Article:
53.60 – Thomas and Alice Parkinson, and Margaret and James Cardwell

The Cardwells and Parkinsons are a good example of how migration from Lancashire to Todmorden had begun long before the Fieldens had become a powerful economic concern, and of the circuitous routes it could take!

Thomas Parkinson was born in 1813 in Preston. Thomas’s father William was a weaver. A few decades earlier Thomas would have been able to make a decent living weaving out of his home, but after the invention of the power loom in the late 1820s, home weaving and the ability to command your own wages became a thing of the past. As with so many things, the technological advance that made goods cheaper to obtain meant the loss of livelihood of thousands, a lot of those thousands being based in the north of England. Thomas eventually found work instead as a carter and, like so many do, travelling to wherever he could find gainful employment. By the 1830s he had made his way south to Chorley where he met Alice Farnworth, eight years his junior and also the child of a weaver. They got married at St. George’s in Chorley in 1839.

Three children followed: Margaret in 1841, Elizabeth in 1843, and then Thomas in 1850. The Parkinsons moved around from Chorley to Stockport, then to Sculcoates; wherever the work was. In Sculcoates Margaret met James Cardwell, a cotton mill worker originally from Bolton but who had moved around with his brother and mother after his father died, and who had ended up in Kingston-Upon-Hull after mother Nancy remarried and started a new family. Margaret and James got married at the end of 1860 and welcomed their first child, John William, along in 1862. How both families came to Todmorden is unknown, but by 1871 they were both living at Shade, the Cardwells at School Street and the Parkinsons at Market Street. Elizabeth, who had married Todmordian Thomas Mitton in 1866, was also living nearby.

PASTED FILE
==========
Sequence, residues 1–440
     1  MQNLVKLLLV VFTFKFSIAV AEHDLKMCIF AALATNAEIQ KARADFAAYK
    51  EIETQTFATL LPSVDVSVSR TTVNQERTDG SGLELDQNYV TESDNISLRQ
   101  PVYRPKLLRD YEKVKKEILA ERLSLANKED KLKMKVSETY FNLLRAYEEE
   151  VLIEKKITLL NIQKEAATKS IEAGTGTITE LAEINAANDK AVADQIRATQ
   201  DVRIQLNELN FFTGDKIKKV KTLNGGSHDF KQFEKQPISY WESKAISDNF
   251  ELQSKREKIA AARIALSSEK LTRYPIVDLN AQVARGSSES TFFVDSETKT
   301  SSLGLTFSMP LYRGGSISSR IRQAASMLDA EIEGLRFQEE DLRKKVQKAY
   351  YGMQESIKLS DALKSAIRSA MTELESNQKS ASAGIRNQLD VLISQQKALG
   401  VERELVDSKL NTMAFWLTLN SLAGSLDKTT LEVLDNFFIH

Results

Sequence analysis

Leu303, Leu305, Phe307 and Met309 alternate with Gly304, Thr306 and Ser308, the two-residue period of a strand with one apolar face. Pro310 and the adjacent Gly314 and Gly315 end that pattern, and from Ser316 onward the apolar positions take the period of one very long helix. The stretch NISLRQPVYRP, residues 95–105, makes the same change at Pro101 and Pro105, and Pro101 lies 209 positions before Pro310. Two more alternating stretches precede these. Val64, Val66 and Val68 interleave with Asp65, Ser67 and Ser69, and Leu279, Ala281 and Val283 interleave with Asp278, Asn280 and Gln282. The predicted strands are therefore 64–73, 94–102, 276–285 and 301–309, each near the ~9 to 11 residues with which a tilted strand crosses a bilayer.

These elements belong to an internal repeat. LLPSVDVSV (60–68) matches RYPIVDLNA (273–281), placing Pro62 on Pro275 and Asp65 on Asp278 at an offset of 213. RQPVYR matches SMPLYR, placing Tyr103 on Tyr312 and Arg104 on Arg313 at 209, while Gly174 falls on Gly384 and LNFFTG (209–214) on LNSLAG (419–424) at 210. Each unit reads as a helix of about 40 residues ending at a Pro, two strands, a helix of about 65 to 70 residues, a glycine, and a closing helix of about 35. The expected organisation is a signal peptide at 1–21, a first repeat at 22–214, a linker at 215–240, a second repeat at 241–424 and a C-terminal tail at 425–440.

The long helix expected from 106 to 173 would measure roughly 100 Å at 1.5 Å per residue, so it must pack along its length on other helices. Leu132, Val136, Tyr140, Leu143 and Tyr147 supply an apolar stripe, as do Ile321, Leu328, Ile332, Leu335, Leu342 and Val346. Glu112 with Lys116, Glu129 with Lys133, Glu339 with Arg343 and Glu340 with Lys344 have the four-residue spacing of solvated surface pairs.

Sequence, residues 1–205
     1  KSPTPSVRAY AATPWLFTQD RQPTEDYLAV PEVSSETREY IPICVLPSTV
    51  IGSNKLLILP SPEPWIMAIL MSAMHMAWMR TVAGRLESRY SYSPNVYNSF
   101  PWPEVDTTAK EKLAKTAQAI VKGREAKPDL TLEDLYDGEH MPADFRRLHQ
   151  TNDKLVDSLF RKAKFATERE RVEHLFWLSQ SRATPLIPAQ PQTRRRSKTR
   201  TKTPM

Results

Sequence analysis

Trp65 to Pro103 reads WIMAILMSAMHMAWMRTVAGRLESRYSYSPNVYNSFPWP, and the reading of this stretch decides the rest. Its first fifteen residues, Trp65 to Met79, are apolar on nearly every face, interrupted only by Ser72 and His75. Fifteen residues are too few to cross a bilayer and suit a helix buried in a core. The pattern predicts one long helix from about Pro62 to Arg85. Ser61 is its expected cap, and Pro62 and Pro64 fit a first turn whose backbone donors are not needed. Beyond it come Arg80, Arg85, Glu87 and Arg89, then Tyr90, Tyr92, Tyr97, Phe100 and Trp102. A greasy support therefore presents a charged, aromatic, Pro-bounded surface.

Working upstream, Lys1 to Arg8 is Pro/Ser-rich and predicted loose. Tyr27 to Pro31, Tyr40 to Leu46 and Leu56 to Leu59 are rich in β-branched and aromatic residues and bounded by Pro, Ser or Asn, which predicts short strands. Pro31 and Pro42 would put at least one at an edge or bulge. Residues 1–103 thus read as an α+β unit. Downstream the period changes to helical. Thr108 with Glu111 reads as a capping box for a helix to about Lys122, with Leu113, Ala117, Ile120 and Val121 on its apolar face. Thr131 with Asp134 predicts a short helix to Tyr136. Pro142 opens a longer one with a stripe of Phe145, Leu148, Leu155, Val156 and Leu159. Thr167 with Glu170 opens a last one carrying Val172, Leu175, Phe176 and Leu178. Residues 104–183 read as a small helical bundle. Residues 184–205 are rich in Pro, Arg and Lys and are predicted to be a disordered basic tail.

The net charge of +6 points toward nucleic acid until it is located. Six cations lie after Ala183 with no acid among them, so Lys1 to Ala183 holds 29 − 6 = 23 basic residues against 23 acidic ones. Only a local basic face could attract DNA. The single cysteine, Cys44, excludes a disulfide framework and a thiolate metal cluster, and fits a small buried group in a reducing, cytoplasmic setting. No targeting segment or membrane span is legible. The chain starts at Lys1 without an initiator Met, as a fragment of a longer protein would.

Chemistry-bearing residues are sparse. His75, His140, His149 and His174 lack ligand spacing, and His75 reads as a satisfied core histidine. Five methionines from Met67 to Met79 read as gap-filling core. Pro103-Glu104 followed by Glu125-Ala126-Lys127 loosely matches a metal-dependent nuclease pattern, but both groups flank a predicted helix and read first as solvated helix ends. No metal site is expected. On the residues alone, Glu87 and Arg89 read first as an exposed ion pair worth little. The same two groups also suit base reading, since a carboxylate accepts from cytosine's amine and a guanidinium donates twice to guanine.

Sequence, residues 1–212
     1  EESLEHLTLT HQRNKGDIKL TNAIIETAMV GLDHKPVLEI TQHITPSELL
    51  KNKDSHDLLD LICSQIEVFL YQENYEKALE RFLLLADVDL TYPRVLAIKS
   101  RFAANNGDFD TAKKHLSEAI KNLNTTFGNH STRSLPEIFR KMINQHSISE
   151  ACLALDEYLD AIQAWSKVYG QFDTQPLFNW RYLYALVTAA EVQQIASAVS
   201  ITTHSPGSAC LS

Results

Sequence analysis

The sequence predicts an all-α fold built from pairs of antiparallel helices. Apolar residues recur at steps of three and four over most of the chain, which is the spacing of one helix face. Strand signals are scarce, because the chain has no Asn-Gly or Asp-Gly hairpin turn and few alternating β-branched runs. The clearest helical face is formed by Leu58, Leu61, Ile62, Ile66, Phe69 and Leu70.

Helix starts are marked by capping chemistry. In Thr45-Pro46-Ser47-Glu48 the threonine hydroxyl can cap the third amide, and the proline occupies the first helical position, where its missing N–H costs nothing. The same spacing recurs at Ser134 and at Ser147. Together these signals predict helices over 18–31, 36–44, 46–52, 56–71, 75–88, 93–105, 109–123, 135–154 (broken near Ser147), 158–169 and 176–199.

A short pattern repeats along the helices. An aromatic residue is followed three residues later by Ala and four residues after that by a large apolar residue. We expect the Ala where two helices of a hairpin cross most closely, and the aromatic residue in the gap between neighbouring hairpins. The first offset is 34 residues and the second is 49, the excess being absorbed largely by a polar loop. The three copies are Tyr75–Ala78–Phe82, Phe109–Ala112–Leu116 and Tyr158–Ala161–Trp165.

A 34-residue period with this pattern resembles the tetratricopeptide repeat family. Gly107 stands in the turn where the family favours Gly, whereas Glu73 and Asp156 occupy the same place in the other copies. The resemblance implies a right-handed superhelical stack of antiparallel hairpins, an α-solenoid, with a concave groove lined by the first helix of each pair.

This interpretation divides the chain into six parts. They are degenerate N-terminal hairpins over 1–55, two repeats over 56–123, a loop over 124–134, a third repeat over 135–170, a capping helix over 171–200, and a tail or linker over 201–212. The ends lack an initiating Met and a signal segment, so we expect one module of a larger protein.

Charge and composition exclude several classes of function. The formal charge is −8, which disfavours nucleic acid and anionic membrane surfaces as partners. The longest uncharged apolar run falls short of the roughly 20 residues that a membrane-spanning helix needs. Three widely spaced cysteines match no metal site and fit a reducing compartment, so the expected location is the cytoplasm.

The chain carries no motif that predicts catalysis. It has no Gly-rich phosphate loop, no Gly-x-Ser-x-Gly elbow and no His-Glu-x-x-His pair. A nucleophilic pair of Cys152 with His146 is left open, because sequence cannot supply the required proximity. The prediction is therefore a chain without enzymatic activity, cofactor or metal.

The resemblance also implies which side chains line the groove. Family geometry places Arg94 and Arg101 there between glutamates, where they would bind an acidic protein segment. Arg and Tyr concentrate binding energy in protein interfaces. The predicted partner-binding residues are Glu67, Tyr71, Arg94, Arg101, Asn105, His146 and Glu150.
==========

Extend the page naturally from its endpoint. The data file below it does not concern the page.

Thomas and Alice still had young Thomas at home, working as a clogger, and they also took in two lodgers to help make ends meet. James and Margaret meanwhile had four children by this point. That same year Thomas Jr. would marry Amanda Lord and move to Burnley and have two children, Will and Annie. In 1877 Amanda drowned herself after becoming melancholy following her father’s death, and Thomas Jr. had to fall back on his family’s help with the children.

Todmorden Advertiser, February 16th 1877

(In a little moment of outdated sexism, the coroner suggested to the jury that Amanda still breastfeeding Annie at the age of 17 months was “a very improper thing for her to have done under any circumstances” and might have contributed to the derangement of her mind…)

Sadly he seems to have also struggled with what happened, and at one point deserted the children and stopped sending money home from Burnley where he had continued to work. Left with two small grandchildren and the sadness (and possible stigma) of her daughter in law’s suicide, Alice also soon found herself a widow – because in 1880 Thomas Sr. died. She continued to take in lodgers in order to support herself and little Will and Annie and stayed at 19 Market Street for the rest of her life.

Next into this grave was James, who died in February 1891 leaving her with five children, although thankfully the youngest, Mary Ann, was by this point 17 – not an infant needing care. The Cardwells by this point were living at Cobden on Mills Place, and just like Alice, Margaret planted her feet and stayed put. Three of her adult children, Edwin, Amy and Mary Ann, remained unmarried and living at home with her to help support her. In 1900 her mother Alice died, and in 1901 Margaret followed.

Elizabeth outlived her husband John Mitton and would remarry later to Thomas Sutcliffe, and she and him are buried at 17.7. Will and Thomas Parkinson’s fates remain unknown. Annie married Albert Cockcroft, a blacksmith, in 1898, and the pair remained in Todmorden apart from a brief stint in the United States where their younger daughter Mary was born. A story for another time?

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